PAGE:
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COE 444 – Internetwork Design & Management Dr. Marwan Abu-Amara Computer Engineering Department King Fahd University of Petroleum and Minerals

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COE 444 2 Basic Forms of Hardware Redundancy Masking redundancy relies on voting to mask the occurrence of errors can operate without need for error detection or system reconfiguration triple modular redundancy (TMR) N-modular redundancy (NMR) Standby redundancy achieves fault tolerance by error detection, error location, and error recovery standby sparing one module operational; one or more modules serve as standbys or spares Hybrid redundancy Fault masking used to prevent system from producing erroneous results fault detection, location, and recovery used to reconfigure system in event of an error. N-modular redundancy with spares.

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COE 444 3 Evaluation Allows comparison of design techniques and subsequent tradeoffs Mathematical Models: vital means for system reliability and availability predictions Combinatorial: series/parallel, M-of-N, non-series/nonparallel Markov: time invariant, discrete time, continuous time, hybrid Reward Models Queuing Probabilistic/Stochastic models of systems created and used to evaluate reliability and/or availability, Performability

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COE 444 4 Combinatorial Modeling System is divided into non-overlapping modules Each module is assigned either a probability of working, P i, or a probability as function of time, R i (t)….(Reliability = 1- (area under the failure density curve) The goal is to derive the probability, P sys, or function R sys (t): Prob that the system survives until time t Assumptions: module failures are independent once a module has failed, it is always assumed to yield incorrect results System considered failed if it does not contain a minimal set of functioning modules once system enters a failed state, other failures cannot return system to functional state Models typically enumerate all the states of the system that meet or exceed the requirements for a correctly functioning system Combinatorial counting techniques are used to simplify this process

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COE 444 5 Series Systems Assume system has n components, e.g. CPU, memory, disk, terminal All components should survive for the system to operate correctly Reliability of the system where R i (t) is the reliability of module i 123n R sys = R 1 R 2 R 3 ... R n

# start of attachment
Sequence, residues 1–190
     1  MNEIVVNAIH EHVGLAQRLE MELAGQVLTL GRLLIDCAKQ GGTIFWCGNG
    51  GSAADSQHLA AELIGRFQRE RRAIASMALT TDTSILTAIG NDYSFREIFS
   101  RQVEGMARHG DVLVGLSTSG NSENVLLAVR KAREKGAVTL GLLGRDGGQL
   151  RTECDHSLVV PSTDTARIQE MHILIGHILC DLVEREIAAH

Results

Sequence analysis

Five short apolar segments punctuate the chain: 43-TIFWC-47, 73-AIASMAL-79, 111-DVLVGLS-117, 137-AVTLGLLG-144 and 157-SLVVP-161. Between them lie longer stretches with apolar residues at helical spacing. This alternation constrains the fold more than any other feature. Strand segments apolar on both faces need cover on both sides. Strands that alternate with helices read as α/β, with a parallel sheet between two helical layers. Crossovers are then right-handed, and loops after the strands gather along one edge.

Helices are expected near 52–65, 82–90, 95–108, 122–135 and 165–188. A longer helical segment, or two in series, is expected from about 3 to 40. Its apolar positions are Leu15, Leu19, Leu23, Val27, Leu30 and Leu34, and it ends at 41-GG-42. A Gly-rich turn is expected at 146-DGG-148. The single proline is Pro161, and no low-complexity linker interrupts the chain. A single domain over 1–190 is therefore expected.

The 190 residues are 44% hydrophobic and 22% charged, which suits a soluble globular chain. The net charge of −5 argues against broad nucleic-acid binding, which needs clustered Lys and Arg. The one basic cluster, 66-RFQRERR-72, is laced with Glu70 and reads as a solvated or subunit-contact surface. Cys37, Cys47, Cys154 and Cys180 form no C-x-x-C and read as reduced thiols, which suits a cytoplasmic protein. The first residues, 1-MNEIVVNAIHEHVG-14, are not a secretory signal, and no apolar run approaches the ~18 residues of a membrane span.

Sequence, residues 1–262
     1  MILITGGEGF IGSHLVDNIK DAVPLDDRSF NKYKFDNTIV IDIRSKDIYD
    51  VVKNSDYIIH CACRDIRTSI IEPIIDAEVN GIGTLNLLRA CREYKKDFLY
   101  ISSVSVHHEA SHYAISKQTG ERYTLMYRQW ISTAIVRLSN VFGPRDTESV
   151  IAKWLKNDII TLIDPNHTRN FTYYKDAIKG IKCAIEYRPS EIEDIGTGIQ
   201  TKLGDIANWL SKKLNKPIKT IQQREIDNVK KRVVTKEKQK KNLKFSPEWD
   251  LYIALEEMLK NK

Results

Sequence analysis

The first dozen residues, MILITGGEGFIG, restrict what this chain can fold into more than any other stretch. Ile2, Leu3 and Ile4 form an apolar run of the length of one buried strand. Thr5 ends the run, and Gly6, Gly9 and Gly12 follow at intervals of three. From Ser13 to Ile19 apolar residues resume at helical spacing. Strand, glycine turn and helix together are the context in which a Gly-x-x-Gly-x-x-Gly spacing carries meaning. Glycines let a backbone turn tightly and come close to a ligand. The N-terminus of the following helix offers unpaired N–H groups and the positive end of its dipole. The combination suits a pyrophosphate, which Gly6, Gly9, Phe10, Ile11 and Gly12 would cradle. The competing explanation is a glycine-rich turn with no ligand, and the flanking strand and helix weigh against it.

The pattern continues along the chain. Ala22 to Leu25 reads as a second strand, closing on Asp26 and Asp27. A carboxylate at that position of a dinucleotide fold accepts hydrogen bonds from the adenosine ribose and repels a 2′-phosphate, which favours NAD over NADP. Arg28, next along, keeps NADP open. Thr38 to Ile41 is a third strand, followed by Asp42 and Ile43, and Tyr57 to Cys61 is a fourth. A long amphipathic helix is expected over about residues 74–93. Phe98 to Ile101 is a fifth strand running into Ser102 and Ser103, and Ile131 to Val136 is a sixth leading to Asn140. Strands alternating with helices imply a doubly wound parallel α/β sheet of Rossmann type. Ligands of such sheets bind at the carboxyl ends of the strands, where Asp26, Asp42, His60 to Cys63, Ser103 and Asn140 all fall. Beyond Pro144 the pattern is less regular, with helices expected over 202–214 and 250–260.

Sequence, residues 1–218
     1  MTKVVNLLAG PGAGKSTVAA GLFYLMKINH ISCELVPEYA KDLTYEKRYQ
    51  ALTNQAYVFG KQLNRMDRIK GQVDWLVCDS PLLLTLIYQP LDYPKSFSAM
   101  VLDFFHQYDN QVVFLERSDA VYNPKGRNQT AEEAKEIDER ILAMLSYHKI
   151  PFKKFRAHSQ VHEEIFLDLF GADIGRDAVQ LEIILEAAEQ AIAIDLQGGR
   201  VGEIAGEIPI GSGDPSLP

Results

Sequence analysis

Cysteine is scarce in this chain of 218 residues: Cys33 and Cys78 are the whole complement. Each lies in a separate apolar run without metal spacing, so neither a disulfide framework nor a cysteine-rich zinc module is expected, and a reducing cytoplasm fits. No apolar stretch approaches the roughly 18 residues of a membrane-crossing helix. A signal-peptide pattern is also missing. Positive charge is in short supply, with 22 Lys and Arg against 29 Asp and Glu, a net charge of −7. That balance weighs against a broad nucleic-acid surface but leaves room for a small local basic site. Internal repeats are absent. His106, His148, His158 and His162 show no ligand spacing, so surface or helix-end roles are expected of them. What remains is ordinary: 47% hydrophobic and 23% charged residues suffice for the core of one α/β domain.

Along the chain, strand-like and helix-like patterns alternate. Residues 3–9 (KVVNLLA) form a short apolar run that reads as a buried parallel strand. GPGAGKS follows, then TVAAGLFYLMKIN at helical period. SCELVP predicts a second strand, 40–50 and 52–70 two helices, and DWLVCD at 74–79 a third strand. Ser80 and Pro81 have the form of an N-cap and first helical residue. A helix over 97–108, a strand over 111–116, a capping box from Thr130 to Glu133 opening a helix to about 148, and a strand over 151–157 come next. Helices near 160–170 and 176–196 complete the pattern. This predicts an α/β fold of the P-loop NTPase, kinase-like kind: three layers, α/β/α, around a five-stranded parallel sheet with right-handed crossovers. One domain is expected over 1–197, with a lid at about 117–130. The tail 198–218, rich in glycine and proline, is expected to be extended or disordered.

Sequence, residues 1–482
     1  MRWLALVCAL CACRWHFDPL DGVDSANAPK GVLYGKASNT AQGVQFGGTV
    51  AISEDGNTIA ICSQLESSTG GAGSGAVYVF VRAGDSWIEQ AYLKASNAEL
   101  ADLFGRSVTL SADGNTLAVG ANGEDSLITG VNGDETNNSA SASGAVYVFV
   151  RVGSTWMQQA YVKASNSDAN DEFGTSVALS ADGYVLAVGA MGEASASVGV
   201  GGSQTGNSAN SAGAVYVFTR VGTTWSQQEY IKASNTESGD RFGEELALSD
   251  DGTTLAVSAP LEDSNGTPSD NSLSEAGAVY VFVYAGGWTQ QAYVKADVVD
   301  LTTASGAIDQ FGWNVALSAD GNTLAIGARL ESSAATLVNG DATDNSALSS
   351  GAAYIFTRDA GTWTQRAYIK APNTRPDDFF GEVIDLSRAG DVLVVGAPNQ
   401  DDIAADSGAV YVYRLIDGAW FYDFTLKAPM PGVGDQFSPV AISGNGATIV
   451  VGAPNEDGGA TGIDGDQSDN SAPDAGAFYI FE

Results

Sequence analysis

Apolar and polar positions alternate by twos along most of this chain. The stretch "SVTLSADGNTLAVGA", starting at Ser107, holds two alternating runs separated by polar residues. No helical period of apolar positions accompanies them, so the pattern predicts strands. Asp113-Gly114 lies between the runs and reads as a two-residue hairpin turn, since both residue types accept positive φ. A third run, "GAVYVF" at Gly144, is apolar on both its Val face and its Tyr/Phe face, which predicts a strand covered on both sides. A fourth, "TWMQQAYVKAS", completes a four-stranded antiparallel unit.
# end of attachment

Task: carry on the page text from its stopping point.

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COE 444 6 Parallel Systems Assume system with spares As soon as fault occurs a faulty component is replaced by a spare Only one component needs to survive for the system to operate correctly Prob. module i to survive = R i Prob. module i does not survive = (1 – R i ) Prob. no modules survive = (1 – R 1 )(1 – R 2 )... (1 – R n ) Prob [at least one module survives] = 1 – Prob [no module survives] Reliability of the parallel system 1 2 3 n

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COE 444 7 Series-Parallel Systems Consider combinations of series and parallel systems Example, two CPUs connected to two memories in different ways R sys = 1 – (1 – R a R b ) (1 – R c R d ) R sys = (1 – (1 – R a )(1 – R c )) (1 – (1 – R b )(1 – R d )) a c b d a c b d CPUMemory

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COE 444 8 A Simple Example Consider dynamic redundant system with spares (dynamic redundancy) As soon as fault occurs, a faulty component is replaced by a spare Up to n-1 spare modules R sys = 1 – (1 – R 1 ) (1 – R 2 )... (1 – R n ) Consider identical modules with R i = 0.9 How can you increase R sys to 0.999999 = 1-10 -6 Prob. of module i to survive = R i Number of modules n = ln 10 -6 / ln (1-R i ) = 6 Hence, need 5 spares to make reliable system 1 2 3 n

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COE 444 9 Non-Series-Parallel-Systems “Success” diagram used to represent the operational modes of the system Reliability of the system derived by expanding around a single module m A BCD E F Y X Each path from X to Y represents a configuration that leaves the system successfully operational R sys = R m P (system works | m works) + (1 – R m ) P (system works | m fails) where the notation P(s | m) denotes the conditional probability “s given, m has occurred”

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COE 444 10 Non-Series-Parallel-Systems (cont.) A CD E F B (“ short ”) works AE FC D B (“ open ”) fails Reduced model with B replaced R sys = R B P(system works|B works) + (1 - R B ) {R D [1 - (1 - R A R E )(1 - R F R C )]} ADE B (“ short ”) works, C (“ short ”) works F A D B (“ short ”) works, C (“ open ”) fails Reduction with B and C replaced P(system works|B works) = R C {R D [1 - (1 - R A )(1 - R F )]} + (1 - R C )(R A R D R E ) Letting R A = …= R F = R m yields R sys = R 6 m - 3R 5 m + R 4 m + 2R 3 m

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COE 444 11 Non-Series-Parallel-Systems (cont.) For complex success diagrams, an upper-limit approximation on R sys can be used An upper bound on system reliability is: ABCD A F E C D D D D X Y Reliability block diagram (RBD) of a system R path i is the serial reliability of path i The above equation is an upper bound because the paths are not independent. That is, the failure of a single module affects more than one path.

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